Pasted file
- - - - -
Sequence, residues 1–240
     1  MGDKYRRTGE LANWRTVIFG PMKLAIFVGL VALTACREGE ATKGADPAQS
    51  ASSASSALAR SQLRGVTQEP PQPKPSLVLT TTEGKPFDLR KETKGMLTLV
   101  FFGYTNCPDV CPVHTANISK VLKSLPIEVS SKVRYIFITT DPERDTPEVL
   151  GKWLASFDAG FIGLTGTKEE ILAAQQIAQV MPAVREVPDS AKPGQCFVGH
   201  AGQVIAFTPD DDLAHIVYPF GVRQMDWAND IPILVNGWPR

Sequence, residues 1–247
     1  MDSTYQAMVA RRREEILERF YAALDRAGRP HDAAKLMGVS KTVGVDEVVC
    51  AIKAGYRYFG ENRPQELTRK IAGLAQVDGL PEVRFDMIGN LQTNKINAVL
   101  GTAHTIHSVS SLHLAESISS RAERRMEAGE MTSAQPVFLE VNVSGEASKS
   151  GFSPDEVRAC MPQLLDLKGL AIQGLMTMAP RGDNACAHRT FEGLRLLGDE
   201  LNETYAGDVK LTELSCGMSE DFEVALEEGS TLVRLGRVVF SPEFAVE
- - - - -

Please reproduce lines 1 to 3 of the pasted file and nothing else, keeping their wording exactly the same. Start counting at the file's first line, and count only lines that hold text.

Sequence, residues 1–240
     1  MGDKYRRTGE LANWRTVIFG PMKLAIFVGL VALTACREGE ATKGADPAQS
    51  ASSASSALAR SQLRGVTQEP PQPKPSLVLT TTEGKPFDLR KETKGMLTLV